This is a question I actually get from time to time. I got it just last week; I was asked to contribute to a blog on the question of what it’s like to be a part of an open and affirming church. It felt a little bit like being asked to be a FBI informant or something, or an undercover reporter, as if there are all these people out there who are curious about the hidden underworld of churches who are friendly to everyone. But more often than you might think, when people hear that I serve a church like First Plymouth, they want to know, “how does that work? So, what do you guys do there, at that open and friendly church? What would that kind of church even look like?” It’s so foreign to the experience of a lot of people—that a church would welcome everybody, and that doing so would be uncontroversial—that people honestly cannot envision what it might look like. So I get that question a lot, but I’m always a bit at a loss to answer it. To me, well, it just looks like…church. We still have little old church ladies, I tell them, it’s just that some of them are little old lesbian church ladies. And we still have kids down in Sunday School, it’s just that some of them have two dads. And sometimes people want to know what happens if a person comes to church who doesn’t believe the way the rest of us do, and I always answer, “believe the way the rest of us do???” Point me to a document saying how the rest of us believe, and my job just got a lot easier. No, I say, unanimity of belief, or lack of it, really doesn’t matter, it doesn’t come up that much. Who ever came up with the idea that people in a church all had to believe the same thing, anyway? Going to a church where everyone believes the same way is like walking into one of those carnival funhouses with a thousand mirrors, and seeing a thousand reflections of yourself on the walls, and calling that a crowd. That’s not a crowd. That’s not a church. That’s theologized narcissism. Personally, I tell people, if I found that everybody at my church was agreeing with me on everything, I would conclude that I hadn’t been doing my job.
As I said, when he was asked this question, about how to handle lots of different kinds of people in one church, Paul took three runs at it, right in a row. He started by saying that everyone has different gifts. “There are varieties of gifts,” he writes, “varieties of services, varieties of activities. Everyone,” Paul says, “Everyone is given the manifestation of the Spirit for the common good.” The more different kinds of people you have, in other words, the more different manifestations of the Spirit you have. And that can only be a good thing. Here is an argument for diversity.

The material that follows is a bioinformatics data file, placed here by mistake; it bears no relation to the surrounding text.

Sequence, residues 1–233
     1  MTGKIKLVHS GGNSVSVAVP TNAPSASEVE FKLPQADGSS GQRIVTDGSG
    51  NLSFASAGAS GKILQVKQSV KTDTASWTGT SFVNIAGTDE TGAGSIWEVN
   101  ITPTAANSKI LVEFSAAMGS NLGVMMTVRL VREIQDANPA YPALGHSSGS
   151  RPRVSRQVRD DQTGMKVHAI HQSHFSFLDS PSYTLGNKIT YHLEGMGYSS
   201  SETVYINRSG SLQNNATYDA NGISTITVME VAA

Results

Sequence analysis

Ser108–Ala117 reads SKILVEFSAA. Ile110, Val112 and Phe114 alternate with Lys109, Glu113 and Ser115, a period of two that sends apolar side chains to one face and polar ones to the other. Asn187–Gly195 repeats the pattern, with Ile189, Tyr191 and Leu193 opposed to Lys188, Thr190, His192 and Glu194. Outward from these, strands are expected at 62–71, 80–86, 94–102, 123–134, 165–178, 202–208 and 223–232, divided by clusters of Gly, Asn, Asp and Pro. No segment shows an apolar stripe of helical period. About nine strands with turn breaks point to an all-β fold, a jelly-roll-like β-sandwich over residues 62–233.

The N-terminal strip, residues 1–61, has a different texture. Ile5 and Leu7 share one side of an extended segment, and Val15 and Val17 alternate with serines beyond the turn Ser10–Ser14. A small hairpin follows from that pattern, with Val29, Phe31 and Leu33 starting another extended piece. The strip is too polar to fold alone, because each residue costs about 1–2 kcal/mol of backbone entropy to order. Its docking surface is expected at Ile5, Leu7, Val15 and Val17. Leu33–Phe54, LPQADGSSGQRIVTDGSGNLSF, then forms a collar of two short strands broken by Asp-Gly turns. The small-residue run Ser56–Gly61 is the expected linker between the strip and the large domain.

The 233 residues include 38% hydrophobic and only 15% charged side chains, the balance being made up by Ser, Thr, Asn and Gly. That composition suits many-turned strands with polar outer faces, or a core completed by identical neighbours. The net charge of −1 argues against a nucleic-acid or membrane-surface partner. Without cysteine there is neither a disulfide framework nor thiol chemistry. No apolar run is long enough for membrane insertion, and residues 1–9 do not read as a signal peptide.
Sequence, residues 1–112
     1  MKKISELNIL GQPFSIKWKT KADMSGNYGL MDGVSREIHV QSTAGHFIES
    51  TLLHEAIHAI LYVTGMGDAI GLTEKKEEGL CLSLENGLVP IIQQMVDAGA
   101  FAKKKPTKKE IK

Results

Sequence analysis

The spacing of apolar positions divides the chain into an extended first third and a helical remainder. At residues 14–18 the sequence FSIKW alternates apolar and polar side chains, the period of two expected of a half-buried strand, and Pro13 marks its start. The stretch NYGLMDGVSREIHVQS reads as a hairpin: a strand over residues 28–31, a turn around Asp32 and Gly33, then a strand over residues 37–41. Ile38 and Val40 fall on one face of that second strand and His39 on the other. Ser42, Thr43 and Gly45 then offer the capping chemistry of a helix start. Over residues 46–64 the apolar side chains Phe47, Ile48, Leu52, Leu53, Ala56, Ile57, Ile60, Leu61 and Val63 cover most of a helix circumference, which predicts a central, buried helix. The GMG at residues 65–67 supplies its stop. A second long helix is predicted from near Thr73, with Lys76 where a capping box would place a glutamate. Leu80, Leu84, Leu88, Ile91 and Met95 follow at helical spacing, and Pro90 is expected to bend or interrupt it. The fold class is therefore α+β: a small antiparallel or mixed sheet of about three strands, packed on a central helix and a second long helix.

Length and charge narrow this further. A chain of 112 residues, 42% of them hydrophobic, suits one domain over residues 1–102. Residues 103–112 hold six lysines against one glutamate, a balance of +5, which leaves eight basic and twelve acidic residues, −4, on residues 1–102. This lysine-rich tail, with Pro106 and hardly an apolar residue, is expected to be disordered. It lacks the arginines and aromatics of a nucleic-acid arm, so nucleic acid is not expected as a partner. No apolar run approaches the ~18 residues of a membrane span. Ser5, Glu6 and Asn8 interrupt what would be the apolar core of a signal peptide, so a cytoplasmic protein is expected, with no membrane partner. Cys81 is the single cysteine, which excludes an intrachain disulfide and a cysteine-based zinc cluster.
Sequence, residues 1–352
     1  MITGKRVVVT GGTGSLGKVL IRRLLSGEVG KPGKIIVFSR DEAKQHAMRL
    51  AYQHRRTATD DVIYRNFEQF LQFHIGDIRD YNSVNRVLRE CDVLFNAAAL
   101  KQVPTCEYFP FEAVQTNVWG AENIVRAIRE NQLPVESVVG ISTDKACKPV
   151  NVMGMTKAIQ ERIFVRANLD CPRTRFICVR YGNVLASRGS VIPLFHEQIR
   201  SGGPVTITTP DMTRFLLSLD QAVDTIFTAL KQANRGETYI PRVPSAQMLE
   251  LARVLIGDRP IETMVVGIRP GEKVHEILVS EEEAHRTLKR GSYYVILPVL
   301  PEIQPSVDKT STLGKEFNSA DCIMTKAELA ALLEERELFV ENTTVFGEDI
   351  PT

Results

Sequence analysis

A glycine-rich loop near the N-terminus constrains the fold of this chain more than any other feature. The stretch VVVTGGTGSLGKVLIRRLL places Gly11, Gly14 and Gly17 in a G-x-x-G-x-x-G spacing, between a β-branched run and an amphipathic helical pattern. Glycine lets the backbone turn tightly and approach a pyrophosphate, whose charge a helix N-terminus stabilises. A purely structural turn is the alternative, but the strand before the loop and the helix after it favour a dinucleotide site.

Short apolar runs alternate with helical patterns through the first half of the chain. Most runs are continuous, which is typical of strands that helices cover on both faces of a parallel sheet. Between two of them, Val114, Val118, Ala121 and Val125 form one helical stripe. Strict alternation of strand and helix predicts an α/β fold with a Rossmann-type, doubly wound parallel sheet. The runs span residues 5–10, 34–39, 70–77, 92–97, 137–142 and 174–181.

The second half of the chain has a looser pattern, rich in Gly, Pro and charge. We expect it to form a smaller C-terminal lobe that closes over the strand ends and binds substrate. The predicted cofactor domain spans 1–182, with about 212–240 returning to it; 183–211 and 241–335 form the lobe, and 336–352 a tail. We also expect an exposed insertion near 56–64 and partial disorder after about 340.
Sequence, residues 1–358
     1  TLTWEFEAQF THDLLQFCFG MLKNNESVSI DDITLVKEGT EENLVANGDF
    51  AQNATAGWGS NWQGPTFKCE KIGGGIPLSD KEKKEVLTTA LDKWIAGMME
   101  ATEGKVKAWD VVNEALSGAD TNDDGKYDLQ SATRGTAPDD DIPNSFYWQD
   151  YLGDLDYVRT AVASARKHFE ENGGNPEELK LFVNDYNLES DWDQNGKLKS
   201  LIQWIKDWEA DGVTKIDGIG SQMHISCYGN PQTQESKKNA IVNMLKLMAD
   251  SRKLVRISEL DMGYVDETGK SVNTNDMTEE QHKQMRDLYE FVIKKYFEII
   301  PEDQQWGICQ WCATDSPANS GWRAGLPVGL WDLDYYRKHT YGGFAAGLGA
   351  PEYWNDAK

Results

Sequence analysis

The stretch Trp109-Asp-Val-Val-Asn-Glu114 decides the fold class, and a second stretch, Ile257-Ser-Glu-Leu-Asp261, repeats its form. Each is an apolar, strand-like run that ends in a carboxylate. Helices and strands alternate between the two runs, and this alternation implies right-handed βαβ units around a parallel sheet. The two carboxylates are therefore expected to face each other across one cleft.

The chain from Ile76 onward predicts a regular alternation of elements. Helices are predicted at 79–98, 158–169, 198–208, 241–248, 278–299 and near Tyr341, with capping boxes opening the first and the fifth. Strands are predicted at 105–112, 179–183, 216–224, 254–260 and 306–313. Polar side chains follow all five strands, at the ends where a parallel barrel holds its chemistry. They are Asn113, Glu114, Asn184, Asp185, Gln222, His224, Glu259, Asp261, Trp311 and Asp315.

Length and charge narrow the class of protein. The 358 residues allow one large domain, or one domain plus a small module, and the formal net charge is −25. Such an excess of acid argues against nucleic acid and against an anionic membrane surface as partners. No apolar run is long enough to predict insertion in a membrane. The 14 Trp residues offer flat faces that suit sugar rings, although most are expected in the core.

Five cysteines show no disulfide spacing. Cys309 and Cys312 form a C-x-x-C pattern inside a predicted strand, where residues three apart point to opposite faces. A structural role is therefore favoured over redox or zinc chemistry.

But for whatever reason Paul was dissatisfied with that answer, or else he still had more to say, because he went on to a second example. Think of a body, he says. The body works together as one unit; the other parts of the body can’t just decide that the mouth or the pancreas or the brain is useless and needs to be cut off. To function well, the body must be in harmony with all its parts, each doing its job. “Now,” Paul writes, to drive home the point, “Now, you are the body of Christ, and members of it.” We need each other to function, even if we are different from each other, especially if we are different from each other. Only when all the parts are acknowledged and honored does the body function well. Here is an argument for inclusivity.
And Paul’s third attempt at answering the question is probably the most famous of all. You’ve heard it at probably half the weddings you’ve ever been to, although it has absolutely nothing to do with romantic love. It’s called “the love chapter,” because in it Paul points to love as the best pattern for community. He lists the other things people think should form the basis of community: dramatic spiritual gifts on the part of members, he says, are what some people think make a good community, but Paul says those are nothing. Some other people say that wise knowledge on the part of leaders is the key to a vibrant community, charismatic leadership, but again Paul says, that is nothing. Even deep faithfulness, intense faithfulness that so often today gets called “a personal relationship with God,” that too is nothing. What matters, Paul writes, what is something, what is critical to a good Christian community, is love. Here is an argument for love.